Most usability testing is performed in lab, where designers record how users navigate through a site. Members of the Sun design team, however, also performed less elaborate tests. They solicited feedback on printouts of their prototypes, asking users to predict the results of clicking on different page elements. They also wrote different aspects of the site's contents on index cards and asked users to do concept mapping by sorting the cards into piles by similarity and then naming the categories they had created. Such testing is inexpensive, and allows you to double-check the logic of your site structure.
Before uploading your pages to the server, try selecting different browser font sizes and printing them again. Text and images may realign if you have used formatting tricks to place them on the page. If possible, try opening your pages in several browsers, or from several different platforms. You may be surprised by the very different results that are produced by the same HTML code.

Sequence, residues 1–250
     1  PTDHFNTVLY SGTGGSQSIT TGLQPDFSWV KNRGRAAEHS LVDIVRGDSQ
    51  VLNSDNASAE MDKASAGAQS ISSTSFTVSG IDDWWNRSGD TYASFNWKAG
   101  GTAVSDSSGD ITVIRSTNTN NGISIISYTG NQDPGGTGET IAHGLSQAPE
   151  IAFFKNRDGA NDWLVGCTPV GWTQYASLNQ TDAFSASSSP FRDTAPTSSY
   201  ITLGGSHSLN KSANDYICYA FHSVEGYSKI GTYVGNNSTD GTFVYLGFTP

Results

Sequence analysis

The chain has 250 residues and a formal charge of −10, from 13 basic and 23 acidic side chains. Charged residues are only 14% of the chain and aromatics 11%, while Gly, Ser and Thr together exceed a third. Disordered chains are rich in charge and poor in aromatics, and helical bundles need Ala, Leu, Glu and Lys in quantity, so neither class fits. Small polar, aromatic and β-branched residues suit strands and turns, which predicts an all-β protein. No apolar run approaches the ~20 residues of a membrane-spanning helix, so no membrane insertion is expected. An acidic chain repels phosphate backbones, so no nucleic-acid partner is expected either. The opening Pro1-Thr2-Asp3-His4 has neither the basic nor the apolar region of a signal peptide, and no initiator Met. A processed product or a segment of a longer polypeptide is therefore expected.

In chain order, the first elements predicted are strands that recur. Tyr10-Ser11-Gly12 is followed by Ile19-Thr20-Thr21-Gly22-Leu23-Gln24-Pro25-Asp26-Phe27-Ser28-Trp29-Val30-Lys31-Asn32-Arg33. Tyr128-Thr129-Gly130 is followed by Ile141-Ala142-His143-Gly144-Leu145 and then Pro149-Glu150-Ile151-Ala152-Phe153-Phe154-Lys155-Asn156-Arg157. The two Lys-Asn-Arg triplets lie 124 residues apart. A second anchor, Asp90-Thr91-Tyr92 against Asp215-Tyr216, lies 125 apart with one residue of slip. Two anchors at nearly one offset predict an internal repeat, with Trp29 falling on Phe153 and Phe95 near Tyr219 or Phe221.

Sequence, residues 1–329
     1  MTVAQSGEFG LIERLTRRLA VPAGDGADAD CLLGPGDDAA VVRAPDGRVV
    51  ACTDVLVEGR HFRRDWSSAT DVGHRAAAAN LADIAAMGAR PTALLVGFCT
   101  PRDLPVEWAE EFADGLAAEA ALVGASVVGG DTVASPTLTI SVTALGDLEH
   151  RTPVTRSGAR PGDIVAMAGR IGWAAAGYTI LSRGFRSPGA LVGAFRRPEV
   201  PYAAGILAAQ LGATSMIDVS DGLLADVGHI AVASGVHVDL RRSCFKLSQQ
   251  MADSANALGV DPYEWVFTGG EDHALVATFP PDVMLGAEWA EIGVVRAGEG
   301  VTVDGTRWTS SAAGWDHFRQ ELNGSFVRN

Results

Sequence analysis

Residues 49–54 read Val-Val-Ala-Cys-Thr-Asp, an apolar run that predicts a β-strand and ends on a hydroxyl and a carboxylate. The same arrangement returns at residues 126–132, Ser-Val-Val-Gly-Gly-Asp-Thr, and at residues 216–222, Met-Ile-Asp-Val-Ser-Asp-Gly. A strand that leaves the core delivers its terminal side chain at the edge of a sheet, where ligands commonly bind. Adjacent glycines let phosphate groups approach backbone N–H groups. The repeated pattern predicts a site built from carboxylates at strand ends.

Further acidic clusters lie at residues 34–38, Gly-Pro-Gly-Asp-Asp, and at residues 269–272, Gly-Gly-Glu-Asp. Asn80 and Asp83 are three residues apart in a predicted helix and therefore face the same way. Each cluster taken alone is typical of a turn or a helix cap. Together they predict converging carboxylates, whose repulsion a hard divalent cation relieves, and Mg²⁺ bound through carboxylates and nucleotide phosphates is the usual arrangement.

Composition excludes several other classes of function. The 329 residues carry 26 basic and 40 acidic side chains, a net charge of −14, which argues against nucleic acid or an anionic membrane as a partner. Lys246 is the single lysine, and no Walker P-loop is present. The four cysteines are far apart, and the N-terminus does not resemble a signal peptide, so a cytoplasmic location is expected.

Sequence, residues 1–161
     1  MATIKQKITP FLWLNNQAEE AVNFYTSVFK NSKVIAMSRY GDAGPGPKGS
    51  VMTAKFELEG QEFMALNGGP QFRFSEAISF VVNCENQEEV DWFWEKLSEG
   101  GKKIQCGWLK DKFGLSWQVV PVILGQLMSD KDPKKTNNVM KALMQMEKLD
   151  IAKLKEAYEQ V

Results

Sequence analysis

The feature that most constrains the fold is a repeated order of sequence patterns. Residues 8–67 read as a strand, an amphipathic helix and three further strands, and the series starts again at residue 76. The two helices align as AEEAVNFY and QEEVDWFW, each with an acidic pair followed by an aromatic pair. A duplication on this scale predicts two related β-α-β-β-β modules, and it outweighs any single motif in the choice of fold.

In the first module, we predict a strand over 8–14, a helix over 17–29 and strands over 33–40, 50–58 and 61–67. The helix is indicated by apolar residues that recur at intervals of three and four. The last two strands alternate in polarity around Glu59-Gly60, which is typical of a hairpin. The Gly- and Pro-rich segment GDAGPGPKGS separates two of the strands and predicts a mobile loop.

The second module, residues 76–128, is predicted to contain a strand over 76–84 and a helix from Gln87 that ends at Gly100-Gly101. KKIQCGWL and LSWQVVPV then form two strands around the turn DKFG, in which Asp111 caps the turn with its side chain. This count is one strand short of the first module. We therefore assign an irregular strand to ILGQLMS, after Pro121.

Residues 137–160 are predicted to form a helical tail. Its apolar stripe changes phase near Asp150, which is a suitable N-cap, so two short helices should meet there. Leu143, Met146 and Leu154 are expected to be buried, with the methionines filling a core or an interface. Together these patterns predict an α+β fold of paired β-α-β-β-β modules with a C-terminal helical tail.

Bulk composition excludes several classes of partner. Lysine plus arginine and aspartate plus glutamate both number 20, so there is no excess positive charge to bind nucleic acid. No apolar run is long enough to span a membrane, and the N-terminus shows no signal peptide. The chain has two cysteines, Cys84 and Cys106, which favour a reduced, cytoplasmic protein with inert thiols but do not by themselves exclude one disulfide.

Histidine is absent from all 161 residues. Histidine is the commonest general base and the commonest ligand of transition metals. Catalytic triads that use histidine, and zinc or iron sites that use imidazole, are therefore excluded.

Once the site is up and running, provide a "comments" section to encourage continued user feedback. Learn how to run site statistics, and compare usage reports for different sections. If certain parts of your site are not visited, you may need to rethink or eliminate them.
For additional testing tips, see Neilsen's columns on usability issues at http://www.useit.com/alertbox. An in-depth description of the University of Maryland Human-Computer Interaction Laboratory's design and testing of the LC National Digital Library is available at http://www.cs.umd.edu/hcil/ndl/.
Garlock, Kristen L., and Sherry Piontek. 1996. Building The Service-Based Library Web Site: A Step-by-Step Guide to Design and Options. Chicago: American Library Association.
Karp, Tony. "Art and the Zen of Web Sites." April 19, 1997. http://www.tlc-systems.com/webtips.shtml (11 Aug. 1997).
Lynch, Patrick, and Sarah Horton. "Yale C/AIM Web Style Guide." January, 1997. http://info.med.yale.edu/caim/manual/index.html (6 Aug. 1997).